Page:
Michaels was a tag team specialist superstar for a few years with Marty Jeannetty but it was pretty clear to everyone involved that he was due for single stardom. Given that push, he ran with it, up the ladder as he accomplished singles success being the first superstar to be a Grand Slam champion, holding every major championship belt in the WWE at some point in his career. Michaels was part of the Degeneration-X movement as a heel where he often said “I lay down for absolutely nobody!” Who has done the right thing for the direction of the company more often, in other words, who put more people over? Hogan has also been accused of not putting over enough people if it jeopardized the legend of Hulk Hogan as much as Michaels has been accused of only putting his friends over though it appears Michaels has been more generous in the last few years of letting other’s get their turn in the spotlight. Perhaps Michaels most memorable match to date where he was able to pick up a victory but at the same time, put over his opponent was Shelton Benjamin in the Gold Rush Tournament on RAW in May 2005 for one of the best matches of both their careers.
Whatcha Gonna Do?:
The current problem facing Hogan versus Michaels, “one more match” dream match, is how the storyline is portrayed now. Michaels looks nothing like the Michaels heel of old until this week’s RAW on July 25th. Before this week’s show, he’s pleaded with a crowd that is uninterested in his story until Michaels had become passionate about it himself, because he’s came across as the born-again Christian that he is, not interested in selling himself as the bad guy. Hogan isn’t telling us anything we haven’t heard, seen and don’t already know, but the fans are popping for it anyway. Hogan’s role however, is a face, the red and yellow and he’s played it this way for years, without even having to try. It’s hard for me to get over that Hogan is on WWE TV to help sell his reality show, just like most things involving Hogan, it has to have a Hollywood/interest outside other than wrestling tie. Michaels has never really given a Hollywood career much of a go, besides the occasional talk show or special appearance, Michaels is more likely to be giving an inspirational speech discussing his faith outside of the ring. His promo on RAW this week was affective because it was the truth, Michaels has never pushed himself as anything other than a WWE performer. Michaels hopefully is taking a lesson from Eddy Guerrero, who is able to play a very affective heel and separate himself Eddy Guerrero the family man and Eddy Guerrero the WWE superstar.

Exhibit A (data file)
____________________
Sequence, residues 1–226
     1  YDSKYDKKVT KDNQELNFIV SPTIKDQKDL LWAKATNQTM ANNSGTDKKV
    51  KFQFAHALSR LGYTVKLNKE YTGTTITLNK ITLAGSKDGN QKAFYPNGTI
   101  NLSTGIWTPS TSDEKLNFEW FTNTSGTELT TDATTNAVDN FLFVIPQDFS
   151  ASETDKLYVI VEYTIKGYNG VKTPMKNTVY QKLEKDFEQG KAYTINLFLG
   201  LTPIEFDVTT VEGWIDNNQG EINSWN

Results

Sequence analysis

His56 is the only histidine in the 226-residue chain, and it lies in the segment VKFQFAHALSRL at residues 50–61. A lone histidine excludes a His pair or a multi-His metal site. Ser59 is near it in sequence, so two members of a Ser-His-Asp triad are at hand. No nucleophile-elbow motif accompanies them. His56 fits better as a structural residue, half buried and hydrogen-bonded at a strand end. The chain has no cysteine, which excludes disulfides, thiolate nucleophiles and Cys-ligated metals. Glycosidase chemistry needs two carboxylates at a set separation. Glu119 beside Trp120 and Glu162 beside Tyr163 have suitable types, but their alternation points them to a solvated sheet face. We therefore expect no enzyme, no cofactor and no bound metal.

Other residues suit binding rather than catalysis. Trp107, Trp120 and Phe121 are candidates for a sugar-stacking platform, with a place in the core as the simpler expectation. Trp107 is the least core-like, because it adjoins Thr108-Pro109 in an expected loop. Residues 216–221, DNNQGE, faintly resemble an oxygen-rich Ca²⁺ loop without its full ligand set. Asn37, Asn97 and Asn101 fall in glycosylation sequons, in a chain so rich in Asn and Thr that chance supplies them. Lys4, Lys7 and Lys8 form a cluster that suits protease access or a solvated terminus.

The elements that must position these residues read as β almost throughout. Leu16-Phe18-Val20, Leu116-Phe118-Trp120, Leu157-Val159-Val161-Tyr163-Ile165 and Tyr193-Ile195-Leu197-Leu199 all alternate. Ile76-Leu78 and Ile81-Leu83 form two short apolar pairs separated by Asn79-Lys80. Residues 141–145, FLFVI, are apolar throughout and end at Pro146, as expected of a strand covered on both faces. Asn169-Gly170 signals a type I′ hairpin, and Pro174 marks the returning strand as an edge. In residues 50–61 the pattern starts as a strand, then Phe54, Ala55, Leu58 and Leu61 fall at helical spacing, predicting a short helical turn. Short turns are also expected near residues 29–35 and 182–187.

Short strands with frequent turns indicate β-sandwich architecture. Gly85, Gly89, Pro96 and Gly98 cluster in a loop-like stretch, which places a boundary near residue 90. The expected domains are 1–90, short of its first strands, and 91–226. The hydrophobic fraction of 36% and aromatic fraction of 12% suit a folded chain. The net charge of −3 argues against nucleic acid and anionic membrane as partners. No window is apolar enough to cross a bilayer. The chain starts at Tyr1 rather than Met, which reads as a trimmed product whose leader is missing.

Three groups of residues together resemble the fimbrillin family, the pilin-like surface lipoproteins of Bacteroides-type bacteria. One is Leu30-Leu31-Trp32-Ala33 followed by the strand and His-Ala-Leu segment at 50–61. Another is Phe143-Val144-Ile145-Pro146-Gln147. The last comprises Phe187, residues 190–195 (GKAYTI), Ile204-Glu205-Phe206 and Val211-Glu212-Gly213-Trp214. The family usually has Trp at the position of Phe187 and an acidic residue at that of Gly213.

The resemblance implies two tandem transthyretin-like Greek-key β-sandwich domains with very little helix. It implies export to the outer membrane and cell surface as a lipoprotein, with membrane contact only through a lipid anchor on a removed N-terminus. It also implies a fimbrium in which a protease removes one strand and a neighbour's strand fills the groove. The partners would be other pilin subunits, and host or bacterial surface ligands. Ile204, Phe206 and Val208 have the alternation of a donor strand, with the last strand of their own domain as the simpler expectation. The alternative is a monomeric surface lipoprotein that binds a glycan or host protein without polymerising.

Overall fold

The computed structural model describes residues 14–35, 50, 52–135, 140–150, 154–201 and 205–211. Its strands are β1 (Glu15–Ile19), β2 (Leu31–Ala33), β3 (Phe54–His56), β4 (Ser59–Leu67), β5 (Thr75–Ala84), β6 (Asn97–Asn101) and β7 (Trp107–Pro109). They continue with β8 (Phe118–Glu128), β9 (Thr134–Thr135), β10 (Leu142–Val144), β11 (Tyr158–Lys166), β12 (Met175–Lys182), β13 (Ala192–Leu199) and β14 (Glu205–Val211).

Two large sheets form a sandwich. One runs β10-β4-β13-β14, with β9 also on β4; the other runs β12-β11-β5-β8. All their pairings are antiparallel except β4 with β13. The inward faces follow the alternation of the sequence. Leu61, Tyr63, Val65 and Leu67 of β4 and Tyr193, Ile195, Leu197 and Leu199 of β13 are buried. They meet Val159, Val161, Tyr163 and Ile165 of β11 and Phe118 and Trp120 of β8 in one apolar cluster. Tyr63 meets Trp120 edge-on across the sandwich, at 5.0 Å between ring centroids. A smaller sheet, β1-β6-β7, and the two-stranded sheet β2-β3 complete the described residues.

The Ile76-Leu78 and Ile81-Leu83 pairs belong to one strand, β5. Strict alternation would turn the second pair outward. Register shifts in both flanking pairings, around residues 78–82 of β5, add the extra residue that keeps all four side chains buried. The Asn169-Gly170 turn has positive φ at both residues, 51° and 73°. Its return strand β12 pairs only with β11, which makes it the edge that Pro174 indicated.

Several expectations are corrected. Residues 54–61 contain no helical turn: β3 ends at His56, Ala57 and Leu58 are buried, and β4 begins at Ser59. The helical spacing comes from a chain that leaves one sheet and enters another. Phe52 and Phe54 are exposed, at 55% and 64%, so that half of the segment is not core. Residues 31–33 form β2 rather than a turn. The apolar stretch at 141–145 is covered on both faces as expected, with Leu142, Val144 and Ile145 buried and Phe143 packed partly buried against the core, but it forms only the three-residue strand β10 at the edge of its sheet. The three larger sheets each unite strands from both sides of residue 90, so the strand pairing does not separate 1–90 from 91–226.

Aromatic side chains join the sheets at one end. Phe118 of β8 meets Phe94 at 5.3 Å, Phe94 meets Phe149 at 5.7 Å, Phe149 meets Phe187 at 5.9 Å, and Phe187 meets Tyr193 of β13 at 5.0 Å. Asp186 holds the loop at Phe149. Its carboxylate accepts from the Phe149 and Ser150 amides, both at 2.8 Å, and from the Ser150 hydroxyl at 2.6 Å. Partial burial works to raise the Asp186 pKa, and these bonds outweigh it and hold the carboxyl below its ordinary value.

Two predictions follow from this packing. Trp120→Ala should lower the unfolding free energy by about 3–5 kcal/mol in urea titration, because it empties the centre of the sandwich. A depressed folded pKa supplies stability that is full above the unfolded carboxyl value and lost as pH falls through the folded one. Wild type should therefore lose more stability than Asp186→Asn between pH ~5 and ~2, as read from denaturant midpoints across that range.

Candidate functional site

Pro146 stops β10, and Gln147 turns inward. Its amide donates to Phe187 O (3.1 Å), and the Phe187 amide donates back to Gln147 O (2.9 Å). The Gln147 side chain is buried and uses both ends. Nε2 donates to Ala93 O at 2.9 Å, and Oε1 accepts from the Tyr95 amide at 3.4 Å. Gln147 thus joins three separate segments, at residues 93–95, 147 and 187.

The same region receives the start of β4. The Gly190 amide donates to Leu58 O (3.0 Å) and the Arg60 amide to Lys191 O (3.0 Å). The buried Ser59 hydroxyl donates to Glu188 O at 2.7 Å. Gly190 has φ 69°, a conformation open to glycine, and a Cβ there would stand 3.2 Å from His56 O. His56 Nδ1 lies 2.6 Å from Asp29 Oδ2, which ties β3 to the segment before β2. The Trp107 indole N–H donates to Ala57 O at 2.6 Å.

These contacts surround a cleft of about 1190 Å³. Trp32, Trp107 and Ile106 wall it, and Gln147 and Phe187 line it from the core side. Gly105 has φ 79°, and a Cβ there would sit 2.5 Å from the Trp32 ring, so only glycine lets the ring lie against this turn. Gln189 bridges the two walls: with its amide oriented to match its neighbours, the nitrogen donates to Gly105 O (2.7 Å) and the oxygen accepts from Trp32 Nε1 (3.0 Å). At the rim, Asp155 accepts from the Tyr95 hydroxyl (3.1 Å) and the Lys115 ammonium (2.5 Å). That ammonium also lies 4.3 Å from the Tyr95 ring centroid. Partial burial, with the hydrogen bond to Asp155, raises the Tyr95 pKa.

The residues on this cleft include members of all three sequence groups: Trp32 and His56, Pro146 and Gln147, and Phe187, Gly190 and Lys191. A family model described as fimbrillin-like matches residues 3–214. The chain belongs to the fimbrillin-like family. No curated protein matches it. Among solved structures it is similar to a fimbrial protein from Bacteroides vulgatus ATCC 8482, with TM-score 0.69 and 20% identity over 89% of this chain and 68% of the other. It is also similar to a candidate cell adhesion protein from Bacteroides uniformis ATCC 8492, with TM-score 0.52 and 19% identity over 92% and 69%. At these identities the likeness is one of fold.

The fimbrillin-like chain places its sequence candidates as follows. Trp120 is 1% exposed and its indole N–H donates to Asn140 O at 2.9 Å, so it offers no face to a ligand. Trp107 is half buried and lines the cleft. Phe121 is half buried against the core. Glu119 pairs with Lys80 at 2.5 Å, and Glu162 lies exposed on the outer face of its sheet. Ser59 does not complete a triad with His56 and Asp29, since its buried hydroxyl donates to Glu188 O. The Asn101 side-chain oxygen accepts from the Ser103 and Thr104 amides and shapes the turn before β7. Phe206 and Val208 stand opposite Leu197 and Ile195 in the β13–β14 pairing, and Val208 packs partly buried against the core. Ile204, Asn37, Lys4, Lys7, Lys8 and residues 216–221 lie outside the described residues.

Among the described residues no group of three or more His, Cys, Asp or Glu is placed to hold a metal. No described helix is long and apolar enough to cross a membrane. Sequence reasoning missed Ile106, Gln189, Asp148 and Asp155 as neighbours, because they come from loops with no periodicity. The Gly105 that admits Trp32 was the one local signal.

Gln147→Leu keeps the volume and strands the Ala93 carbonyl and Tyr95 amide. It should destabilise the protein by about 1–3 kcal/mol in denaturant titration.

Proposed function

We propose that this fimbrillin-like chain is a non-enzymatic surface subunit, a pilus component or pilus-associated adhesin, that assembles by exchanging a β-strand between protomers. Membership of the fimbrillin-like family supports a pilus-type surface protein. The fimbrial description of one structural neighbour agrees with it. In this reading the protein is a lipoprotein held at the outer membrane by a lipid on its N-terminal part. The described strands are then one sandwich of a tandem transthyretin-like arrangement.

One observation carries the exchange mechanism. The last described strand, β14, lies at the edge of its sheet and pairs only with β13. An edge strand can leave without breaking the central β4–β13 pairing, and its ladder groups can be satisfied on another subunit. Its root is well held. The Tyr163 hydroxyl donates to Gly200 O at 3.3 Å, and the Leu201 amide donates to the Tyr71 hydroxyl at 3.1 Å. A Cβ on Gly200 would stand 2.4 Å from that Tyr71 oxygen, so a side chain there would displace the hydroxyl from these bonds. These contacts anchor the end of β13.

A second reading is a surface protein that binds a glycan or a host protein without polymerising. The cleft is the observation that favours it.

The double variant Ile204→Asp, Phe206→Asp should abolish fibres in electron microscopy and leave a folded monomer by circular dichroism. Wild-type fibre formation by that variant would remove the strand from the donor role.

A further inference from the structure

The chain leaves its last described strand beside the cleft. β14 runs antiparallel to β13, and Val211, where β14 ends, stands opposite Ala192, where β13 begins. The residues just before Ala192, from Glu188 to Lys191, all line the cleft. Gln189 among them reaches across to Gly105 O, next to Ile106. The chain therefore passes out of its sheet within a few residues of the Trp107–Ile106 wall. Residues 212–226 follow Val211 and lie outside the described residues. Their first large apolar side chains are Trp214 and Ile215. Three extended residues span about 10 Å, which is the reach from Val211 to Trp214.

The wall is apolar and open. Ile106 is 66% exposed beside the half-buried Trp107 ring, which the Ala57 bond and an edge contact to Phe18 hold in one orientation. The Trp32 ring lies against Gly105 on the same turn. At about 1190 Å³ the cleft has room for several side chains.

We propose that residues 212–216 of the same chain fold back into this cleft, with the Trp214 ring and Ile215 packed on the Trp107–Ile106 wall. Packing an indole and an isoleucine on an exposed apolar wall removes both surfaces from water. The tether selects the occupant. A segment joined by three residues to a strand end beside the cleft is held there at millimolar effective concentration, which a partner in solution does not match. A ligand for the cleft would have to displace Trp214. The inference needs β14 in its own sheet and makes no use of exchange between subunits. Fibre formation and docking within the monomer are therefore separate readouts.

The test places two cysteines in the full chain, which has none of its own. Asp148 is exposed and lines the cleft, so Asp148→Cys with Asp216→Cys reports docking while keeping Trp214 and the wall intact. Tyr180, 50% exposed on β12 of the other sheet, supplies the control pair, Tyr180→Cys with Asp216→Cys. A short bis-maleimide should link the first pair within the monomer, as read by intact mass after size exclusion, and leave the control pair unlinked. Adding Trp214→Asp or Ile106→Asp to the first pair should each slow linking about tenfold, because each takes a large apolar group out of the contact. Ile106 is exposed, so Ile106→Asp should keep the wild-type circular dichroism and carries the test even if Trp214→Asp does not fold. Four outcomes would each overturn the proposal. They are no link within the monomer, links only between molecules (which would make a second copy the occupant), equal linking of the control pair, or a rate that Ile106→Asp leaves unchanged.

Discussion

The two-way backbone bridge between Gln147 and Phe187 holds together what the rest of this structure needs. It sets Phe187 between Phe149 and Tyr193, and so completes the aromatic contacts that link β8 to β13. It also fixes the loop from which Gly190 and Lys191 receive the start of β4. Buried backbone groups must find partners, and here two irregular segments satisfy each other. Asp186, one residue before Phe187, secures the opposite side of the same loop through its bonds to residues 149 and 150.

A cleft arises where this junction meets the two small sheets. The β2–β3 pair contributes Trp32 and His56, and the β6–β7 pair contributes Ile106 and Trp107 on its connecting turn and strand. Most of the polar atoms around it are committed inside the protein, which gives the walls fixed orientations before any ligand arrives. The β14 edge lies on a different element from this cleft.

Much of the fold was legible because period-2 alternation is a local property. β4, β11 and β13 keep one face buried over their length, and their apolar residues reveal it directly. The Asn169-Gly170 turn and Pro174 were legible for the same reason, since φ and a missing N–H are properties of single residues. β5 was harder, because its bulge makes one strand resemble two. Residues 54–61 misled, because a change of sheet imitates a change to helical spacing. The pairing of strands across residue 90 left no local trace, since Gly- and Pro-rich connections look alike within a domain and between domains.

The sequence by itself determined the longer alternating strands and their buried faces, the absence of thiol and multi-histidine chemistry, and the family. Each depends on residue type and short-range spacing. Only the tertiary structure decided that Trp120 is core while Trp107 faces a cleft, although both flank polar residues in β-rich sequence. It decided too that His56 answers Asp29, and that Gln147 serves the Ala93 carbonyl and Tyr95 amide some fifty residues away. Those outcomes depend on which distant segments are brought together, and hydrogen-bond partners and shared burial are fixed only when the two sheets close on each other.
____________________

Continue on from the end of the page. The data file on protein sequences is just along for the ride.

WWE should bring up that while Shawn Michaels was bringing the WWF Attitude to audiences unlike no other, Hogan was palling up to his Clique, Scott Hall and Kevin Nash of the nWo. If allowed, a effective “surprise” idea would bring in Kevin Nash and Scott Hall in, and see where they would stand between these two men. Maybe even have Nash side with Michaels and Hall side with Hogan. It would also be a good chance to bring up various aspects of their career in some always affective video packages of each man similar to the style they used with Hart and Michaels for Wrestlemania 12. The highlights would give more compassion to Shawn’s argument that he’s the best entertainer of the two, it would also in the same breath show that Hulk Hogan brings people to a level of enthusiasm like no other could and has been making kodak moments his entire career. The videos could showcase all the different type of gimmick matches and injuries Michaels has endured over the years, to bring the fans “the show.” Hogan could counter showing how he was apart of some of the most memorable moments in the history of sports entertainment for instance when he slammed Andre the Giant and retained the WWF World Championship. Michaels could get frustrated, and then try to create his own memorable moment of history on Hulk Hogan. What the storyline desperately needs is a history reminder and less going through the motions, to make this match standout in history as a dream match up and that’s putting it in perspective. Thanks for reading, take care and feel free to drop me comments anytime at Bam@insidepulse.com.